Afterparties is a collection of short stories, some interlinked, about Cambodian Americans in California, and the complexities of lives as second or third generation immigrants whose families still bear the weight of genocide. From the opening story, ‘Three Women of Chuck’s Donuts’, which follows a woman and her daughters keeping a donut shop open overnight, to the closing one, a mother’s reflection on how she told her son that she had survived a school shooting as a teacher, the collection is varied and yet feels like a whole, looking at the same themes and occasionally visiting characters who played smaller roles in other stories.
I tend to prefer short story collections that connect in some way, and this one, with longer stories and a sense of continuity, was very much in that category. It explores the impact of genocide and identity on Cambodian American life, giving specific perspectives but also broader ones about immigration (especially expectations and whether or not someone lives up to them) and sexuality and the intersection of both of those. For such a personal collection, the narrators of the stories do vary quite a lot, which I enjoyed, and there’s a real dark comedy edge throughout the stories.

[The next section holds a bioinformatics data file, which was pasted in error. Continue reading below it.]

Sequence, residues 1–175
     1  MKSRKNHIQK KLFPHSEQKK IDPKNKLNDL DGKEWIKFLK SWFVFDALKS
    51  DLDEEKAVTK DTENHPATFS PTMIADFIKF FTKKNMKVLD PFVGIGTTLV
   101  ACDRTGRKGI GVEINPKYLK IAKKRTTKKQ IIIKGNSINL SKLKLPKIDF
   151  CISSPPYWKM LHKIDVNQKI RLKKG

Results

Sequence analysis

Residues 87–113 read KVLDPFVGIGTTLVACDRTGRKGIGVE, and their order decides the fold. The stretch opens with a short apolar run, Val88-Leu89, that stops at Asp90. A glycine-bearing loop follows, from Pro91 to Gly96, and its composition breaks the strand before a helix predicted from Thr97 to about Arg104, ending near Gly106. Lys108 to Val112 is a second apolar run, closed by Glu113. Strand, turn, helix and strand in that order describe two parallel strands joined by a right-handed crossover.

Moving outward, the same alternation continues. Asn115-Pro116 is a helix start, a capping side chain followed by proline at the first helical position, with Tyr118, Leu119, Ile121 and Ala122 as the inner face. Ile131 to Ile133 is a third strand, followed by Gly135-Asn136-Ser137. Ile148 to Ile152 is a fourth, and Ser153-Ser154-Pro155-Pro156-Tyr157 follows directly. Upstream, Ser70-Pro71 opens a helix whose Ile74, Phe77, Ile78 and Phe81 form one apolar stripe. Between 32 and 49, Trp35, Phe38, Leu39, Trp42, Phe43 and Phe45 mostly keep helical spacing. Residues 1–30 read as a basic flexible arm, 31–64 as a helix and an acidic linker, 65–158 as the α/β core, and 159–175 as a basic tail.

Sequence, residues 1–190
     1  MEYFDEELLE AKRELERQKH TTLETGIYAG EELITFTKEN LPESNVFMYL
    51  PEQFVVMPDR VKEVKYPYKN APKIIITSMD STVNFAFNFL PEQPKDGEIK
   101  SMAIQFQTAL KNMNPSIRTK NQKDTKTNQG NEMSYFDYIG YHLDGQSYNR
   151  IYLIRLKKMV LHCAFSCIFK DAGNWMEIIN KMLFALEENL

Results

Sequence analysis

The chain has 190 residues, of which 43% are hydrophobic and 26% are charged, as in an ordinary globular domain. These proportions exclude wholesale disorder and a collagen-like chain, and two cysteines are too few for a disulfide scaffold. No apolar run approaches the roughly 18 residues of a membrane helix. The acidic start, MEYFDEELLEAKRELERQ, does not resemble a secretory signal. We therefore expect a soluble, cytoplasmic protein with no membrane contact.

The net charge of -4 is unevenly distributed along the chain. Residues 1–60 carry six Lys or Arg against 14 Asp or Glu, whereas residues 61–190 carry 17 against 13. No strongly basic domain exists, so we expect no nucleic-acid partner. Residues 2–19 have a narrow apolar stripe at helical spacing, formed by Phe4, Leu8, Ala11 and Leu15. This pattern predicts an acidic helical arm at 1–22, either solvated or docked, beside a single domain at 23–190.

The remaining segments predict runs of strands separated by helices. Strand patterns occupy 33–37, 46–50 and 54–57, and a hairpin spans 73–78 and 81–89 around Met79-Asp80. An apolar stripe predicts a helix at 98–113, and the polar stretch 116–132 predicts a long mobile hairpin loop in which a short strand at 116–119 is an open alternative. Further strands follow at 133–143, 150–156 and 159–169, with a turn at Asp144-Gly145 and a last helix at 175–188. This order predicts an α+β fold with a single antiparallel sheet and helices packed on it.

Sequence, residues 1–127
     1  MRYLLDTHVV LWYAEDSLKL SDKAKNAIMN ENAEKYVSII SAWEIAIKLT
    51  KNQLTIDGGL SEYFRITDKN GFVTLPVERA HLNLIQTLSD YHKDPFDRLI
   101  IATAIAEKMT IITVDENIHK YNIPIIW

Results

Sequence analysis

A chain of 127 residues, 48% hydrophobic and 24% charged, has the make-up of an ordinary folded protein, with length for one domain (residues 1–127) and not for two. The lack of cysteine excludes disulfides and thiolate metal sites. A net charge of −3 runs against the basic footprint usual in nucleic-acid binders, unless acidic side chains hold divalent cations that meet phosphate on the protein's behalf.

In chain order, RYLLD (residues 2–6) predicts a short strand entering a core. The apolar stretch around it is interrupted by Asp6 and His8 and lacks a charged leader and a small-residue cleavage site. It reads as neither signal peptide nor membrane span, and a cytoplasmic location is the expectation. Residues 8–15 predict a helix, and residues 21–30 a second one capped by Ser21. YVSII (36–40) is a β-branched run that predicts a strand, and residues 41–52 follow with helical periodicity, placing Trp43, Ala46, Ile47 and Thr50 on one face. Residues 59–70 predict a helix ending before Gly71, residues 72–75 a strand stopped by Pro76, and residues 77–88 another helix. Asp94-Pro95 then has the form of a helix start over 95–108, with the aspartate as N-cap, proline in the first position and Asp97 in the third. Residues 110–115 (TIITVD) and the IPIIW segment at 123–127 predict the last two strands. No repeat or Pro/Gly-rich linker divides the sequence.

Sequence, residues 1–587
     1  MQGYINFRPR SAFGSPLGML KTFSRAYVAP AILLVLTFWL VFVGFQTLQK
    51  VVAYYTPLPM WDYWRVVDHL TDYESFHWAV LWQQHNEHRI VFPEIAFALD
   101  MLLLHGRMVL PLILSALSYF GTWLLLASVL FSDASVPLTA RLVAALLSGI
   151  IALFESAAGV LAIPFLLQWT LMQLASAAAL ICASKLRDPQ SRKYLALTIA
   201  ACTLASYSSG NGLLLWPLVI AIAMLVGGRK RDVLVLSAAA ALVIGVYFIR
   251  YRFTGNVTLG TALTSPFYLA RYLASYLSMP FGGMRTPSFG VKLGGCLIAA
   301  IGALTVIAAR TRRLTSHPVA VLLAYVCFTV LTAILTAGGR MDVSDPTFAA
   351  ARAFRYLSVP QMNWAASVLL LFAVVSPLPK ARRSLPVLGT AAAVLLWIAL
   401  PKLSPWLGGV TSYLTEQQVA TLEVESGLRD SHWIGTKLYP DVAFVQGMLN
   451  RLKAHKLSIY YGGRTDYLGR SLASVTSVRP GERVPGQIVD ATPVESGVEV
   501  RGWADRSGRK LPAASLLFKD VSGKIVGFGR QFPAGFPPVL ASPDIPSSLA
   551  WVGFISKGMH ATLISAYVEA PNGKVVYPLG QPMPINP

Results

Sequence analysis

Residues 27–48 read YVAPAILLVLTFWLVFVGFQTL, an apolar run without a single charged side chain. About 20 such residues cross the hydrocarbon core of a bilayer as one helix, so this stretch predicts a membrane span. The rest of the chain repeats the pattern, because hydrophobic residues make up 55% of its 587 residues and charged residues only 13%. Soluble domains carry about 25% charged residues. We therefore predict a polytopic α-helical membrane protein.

Anthony Veasna So died before this collection could be released, something which the reader is introduced to at the start of the book. It’s hard to review Afterparties without mentioning this, but it’s also sad that it becomes the focus on what is a great collection that explores identity, family, and queerness.